A company and a tweet

I just finished reading Lauren Modeen’s post on “Twitter as a Focus Group;” if you’re marketing-inclined, a must read (especially if you’re like me and grappling with using Twitter to better promote a company). I have been on Twitter for a while now, and much like posting photos on Facebook, enjoy updating my ‘tweeps with regular thoughts and ideas. How, than, to move my firm, Computech, into the twittering community? And, more importantly, for what gains?

While I would like nothing more than to tweet out witty posts every few hours, I am “haunted” by an old marketing axiom: “know your customer, and give them what they want.” In the case of Twitter, we have to guess our audience’s preferences for information. News? Humor? Job Openings? The followers of our IT firm are not our customers (yet), and rather than simply tweet out our open positions or recent news, I believe Twitter can — and should — be used to show people how our firm thinks about customer valuation. In an era where exceptional customer service and consistent customer care are essential — especially as brand loyalty becomes more exchangeable for customers — we intend to use social media channels like Twitter to harness the creativity of our company and our followers. Are there challenges? Of course (e.g. encouraging all 175 Computech staff to set themselves up with a Twitter account!). But I’m confident we will find our way because we need to find our way, as “people today seek and consume information in considerably different ways than in years past.” (WSJ)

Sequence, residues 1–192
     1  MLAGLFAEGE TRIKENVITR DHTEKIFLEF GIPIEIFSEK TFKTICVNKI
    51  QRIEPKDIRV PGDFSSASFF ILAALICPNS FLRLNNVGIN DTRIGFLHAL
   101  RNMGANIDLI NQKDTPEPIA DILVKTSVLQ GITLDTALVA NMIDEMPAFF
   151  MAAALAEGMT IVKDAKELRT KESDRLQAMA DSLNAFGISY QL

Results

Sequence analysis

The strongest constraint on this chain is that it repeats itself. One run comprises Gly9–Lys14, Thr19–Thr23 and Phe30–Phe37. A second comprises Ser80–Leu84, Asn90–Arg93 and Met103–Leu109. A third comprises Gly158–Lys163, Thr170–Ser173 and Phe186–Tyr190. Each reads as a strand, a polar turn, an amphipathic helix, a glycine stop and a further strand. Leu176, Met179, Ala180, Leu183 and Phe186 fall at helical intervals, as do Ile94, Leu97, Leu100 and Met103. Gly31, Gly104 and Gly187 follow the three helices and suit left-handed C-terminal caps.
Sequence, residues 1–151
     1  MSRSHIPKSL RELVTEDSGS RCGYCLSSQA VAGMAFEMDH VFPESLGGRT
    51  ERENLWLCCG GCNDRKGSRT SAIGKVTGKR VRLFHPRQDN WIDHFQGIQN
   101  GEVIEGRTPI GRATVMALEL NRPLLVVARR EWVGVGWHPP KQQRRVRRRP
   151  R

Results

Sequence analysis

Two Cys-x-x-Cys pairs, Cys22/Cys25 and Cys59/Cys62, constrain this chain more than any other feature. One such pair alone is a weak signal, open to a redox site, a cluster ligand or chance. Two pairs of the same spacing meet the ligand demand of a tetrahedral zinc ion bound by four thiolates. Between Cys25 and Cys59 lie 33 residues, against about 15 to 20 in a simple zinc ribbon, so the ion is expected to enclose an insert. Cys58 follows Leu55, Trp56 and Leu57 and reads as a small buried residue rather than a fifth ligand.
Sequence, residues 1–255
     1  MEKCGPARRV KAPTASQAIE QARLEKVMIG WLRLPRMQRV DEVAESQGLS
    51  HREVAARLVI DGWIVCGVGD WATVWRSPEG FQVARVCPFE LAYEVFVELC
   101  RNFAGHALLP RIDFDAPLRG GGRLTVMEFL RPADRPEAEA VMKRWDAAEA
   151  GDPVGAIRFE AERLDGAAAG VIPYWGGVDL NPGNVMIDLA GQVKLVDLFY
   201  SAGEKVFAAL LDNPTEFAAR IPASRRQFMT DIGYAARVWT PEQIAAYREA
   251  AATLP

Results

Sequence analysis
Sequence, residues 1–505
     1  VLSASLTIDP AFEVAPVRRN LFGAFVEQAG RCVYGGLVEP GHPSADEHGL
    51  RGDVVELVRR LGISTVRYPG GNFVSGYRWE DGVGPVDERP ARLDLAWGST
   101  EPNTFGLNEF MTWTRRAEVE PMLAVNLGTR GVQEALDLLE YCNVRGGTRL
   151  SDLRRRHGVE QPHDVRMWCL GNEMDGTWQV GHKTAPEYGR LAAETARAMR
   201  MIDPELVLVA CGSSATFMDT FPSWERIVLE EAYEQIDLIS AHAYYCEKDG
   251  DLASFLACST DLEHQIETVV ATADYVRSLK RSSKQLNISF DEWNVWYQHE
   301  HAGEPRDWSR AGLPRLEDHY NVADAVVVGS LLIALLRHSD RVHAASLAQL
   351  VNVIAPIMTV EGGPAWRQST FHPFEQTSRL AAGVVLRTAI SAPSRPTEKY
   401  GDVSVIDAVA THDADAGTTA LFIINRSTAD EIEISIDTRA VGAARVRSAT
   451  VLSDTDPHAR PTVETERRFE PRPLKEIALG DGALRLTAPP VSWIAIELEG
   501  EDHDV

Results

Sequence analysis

Follow me on Twitter: www.twitter.com/aldominick

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Al Dominick

P.S. — here’s an interesting take (from a HR-perspective) on “the Facebook” generation that ran in the Wall Street Journal last week. Just came across my TweetDeck and thought to pass it on the link and first 2 paragraphs:

“The experience of growing up online will profoundly shape the workplace expectations of “Generation F” – the Facebook Generation. At a minimum, they’ll expect the social environment of work to reflect the social context of the Web, rather than as is currently the case, a mid-20th-century Weberian bureaucracy.

If your company hopes to attract the most creative and energetic members of Gen F, it will need to understand these Internet-derived expectations, and then reinvent its management practices accordingly. Sure, it’s a buyer’s market for talent right now, but that won’t always be the case—and in the future, any company that lacks a vital core of Gen F employees will soon find itself stuck in the mud.”

Allen Sheaprd


Intersting. We used to call it customer service. Know the person, talk to them, remeber them. I guess “Gen F” feels the web is real. They want to be engaged but not SPAMed.

I see your point. A company that calls or keeps in touch with customers will keep their loyalty longer than a company that ignores its customers.

BTW – its cheaper to keep a customer than to find a new one.